Animal studies have also shown that pumpkin seed oil may reduce high blood pressure and high cholesterol levels, two important risk factors for heart disease.

A 12-week study in 35 postmenopausal women found that pumpkin seed oil supplements reduced diastolic blood pressure (the bottom number of a reading) by 7% and increased “good” HDL cholesterol levels by 16%.

Other studies suggest that pumpkins’ ability to increase nitric oxide generation in your body may be responsible for its positive effects on heart health.

Nitric oxide helps expand blood vessels, improve blood flow, and reduce the risk of plaque growth in your arteries.

7. Can Lower Blood Sugar Levels

Animal research has shown that pumpkin, pumpkin seeds, pumpkin seed powder, and pumpkin juice can reduce blood sugar.

This is very important for people with diabetes, who may struggle to control their blood sugar levels.

Several studies have found that supplementing with pumpkin juice or seed powder reduced blood sugar levels in people with type 2 diabetes.

The high magnesium content of pumpkin seeds may be responsible for its positive effect on diabetes.

An observational study in over 127,000 people found that diets rich in magnesium were associated with a 33% lower risk of type 2 diabetes in men and a 34% lower risk in women.

More research is needed to confirm the beneficial effects of pumpkin seeds on blood sugar levels.

8. High in Fiber

Pumpkin seeds are a great source of dietary fiber — shelled seeds provide 1.1 grams of fiber in a single 1-oz (28-gram) serving.

A diet high in fiber can promote good digestive health.

High-fiber diets have been associated with a reduced risk of heart disease, type 2 diabetes, and obesity.

9. May Improve Sperm Quality

Low zinc levels are linked with decreased sperm quality and an increased risk of infertility in men. Since pumpkin seeds are a rich source of zinc, they may improve sperm quality.

Evidence from one study in mice suggests they may also protect human sperm from damage caused by chemotherapy and autoimmune diseases.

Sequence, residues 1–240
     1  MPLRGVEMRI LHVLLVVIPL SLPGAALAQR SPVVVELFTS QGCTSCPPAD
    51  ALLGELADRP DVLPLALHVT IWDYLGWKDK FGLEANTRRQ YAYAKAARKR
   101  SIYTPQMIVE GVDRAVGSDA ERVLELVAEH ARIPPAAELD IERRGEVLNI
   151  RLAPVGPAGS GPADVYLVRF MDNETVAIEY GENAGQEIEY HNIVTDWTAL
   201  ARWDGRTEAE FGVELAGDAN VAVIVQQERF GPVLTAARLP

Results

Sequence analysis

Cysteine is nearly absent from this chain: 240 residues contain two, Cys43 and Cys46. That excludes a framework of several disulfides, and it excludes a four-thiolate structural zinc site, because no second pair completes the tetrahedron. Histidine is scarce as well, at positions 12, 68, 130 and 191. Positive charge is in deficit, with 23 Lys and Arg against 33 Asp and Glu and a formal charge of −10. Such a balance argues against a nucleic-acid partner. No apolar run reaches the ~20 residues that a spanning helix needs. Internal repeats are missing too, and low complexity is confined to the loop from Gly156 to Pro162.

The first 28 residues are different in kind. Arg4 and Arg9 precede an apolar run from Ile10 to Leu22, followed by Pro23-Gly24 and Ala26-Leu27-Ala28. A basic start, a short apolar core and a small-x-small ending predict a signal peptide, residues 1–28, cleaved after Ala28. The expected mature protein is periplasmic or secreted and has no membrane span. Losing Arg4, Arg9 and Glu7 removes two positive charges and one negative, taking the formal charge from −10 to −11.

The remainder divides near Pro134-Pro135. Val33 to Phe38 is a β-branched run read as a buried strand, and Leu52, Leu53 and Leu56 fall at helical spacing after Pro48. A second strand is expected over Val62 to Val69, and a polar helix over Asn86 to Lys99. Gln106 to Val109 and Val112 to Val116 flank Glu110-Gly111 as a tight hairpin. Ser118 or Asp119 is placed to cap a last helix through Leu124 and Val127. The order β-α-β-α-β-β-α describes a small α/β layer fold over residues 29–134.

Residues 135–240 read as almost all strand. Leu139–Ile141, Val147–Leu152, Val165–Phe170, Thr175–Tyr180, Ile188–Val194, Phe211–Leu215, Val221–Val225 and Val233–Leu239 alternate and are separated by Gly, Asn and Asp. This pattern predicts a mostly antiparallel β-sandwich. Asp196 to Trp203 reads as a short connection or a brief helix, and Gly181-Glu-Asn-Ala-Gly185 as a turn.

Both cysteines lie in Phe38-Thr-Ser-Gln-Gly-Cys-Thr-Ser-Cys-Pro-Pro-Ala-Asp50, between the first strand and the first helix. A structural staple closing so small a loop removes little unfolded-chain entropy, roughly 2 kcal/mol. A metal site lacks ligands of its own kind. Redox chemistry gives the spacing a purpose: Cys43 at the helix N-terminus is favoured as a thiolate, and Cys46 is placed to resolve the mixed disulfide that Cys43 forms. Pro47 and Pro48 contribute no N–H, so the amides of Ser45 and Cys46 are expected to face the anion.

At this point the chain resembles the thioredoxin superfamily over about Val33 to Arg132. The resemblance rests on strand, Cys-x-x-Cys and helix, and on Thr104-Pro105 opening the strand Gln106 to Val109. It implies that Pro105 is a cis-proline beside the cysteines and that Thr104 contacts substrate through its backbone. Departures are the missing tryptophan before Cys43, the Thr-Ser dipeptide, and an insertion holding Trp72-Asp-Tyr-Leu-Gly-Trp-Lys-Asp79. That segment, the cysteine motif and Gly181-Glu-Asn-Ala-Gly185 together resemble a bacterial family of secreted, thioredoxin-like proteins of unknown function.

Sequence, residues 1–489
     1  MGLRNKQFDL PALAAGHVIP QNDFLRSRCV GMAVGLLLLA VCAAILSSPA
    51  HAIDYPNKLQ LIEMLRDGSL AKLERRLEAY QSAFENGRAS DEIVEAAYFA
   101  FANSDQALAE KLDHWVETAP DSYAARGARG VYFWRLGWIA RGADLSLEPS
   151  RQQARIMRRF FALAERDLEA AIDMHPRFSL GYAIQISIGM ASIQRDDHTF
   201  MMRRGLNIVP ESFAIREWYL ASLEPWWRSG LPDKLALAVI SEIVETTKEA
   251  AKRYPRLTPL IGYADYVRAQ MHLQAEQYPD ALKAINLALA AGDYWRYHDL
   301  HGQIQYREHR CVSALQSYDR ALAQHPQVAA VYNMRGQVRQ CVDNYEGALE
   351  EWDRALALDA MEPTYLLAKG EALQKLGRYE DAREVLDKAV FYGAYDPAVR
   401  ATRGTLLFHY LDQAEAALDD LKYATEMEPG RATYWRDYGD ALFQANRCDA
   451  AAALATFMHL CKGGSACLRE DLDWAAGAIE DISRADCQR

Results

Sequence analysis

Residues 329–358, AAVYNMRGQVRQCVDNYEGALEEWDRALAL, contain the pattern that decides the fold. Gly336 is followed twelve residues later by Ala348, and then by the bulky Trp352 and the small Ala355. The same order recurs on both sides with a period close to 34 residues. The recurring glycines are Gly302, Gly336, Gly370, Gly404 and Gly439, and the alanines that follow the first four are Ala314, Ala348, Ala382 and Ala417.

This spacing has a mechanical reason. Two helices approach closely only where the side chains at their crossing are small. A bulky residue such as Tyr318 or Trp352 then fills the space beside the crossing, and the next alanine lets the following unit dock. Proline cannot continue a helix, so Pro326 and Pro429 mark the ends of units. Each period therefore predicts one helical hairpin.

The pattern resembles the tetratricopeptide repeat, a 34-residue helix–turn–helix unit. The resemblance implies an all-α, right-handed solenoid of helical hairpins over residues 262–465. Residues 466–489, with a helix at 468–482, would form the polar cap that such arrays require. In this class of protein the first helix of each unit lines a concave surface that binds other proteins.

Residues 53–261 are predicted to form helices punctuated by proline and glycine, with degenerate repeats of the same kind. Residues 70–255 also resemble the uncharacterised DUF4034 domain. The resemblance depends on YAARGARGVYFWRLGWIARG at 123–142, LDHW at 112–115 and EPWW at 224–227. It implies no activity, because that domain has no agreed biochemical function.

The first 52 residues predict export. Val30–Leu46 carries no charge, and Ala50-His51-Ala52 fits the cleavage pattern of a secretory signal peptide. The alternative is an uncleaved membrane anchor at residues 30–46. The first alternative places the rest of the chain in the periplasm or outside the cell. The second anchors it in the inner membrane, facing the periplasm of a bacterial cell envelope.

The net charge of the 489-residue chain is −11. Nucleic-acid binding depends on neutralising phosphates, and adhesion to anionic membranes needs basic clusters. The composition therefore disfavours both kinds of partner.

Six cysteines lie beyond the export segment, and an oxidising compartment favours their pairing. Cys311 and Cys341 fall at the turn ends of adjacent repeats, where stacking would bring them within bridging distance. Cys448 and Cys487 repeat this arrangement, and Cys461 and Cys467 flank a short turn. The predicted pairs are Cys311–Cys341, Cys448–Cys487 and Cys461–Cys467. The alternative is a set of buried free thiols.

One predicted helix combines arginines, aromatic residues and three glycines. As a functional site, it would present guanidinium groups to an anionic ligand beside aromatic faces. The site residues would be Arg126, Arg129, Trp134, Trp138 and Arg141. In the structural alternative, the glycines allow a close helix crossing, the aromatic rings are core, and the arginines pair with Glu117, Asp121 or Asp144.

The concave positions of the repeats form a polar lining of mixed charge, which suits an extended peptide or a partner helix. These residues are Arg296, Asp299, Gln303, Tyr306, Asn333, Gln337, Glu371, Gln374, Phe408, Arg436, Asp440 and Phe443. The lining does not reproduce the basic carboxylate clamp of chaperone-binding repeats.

Pumpkin seeds are also high in antioxidants and other nutrients that can contribute to healthy testosterone levels and improve overall health.

Together, all these factors may benefit fertility levels and reproductive function, especially in men.

10. May Help Improve Sleep

If you have difficulty sleeping, you may want to eat some pumpkin seeds before bed. They’re a natural source of tryptophan, an amino acid that can help promote sleep.

Eating around 1 gram of tryptophan daily is thought to improve sleep. Nevertheless, you would need to eat around 7 ounces (200 grams) of pumpkin seeds to achieve the needed amount of tryptophan.

The zinc in these seeds can also help convert tryptophan to serotonin, which is then changed into melatonin, the hormone that regulates your sleep cycle.

In addition, pumpkin seeds are an excellent source of magnesium. Adequate magnesium levels have also been associated with better sleep.

Some small studies have discovered that taking a magnesium supplement boost sleep quality and total sleep time in people with low magnesium levels.

11. Easy to Add to Your Diet

If you want to experience the benefits of pumpkin seeds, they’re easy to incorporate into your diet. In many countries, they’re a popular snack eaten raw or roasted, salted or unsalted.

Besides eating them independently, you can add them to smoothies, Greek yogurt, and fruit.

You could incorporate them into meals by sprinkling them into salads, soups, or cereals. Some people use pumpkin seeds in baking as an ingredient for sweet or savory bread and cakes.

However, as with many seeds and nuts, they contain phytic acid, reducing the bioavailability of some nutrients you eat.

If you eat seeds and nuts daily, you may want to soak or sprout them to decrease their phytic acid content.